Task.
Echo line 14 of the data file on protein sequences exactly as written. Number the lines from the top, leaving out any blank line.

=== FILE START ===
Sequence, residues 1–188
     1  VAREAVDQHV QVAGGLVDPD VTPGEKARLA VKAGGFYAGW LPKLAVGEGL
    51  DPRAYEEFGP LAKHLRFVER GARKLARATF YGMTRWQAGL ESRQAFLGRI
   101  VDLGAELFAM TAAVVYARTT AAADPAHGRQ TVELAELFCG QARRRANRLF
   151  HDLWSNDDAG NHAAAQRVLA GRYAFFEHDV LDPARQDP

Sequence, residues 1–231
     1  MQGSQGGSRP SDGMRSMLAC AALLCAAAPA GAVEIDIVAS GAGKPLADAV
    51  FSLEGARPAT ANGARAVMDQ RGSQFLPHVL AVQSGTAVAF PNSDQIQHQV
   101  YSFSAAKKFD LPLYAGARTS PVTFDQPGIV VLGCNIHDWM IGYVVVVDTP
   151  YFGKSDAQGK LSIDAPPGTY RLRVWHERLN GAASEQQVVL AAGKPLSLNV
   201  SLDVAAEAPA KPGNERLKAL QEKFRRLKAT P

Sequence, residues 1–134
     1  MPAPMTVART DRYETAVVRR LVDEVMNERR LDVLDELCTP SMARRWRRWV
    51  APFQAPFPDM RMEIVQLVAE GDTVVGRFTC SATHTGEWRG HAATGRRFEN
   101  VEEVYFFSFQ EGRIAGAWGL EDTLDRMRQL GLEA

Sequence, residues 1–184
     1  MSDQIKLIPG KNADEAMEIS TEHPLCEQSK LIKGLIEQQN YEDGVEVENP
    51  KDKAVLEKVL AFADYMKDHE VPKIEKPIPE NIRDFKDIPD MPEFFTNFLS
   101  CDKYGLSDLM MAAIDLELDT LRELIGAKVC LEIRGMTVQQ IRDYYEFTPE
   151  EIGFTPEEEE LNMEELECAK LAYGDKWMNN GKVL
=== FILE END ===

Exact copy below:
    51  APFQAPFPDM RMEIVQLVAE GDTVVGRFTC SATHTGEWRG HAATGRRFEN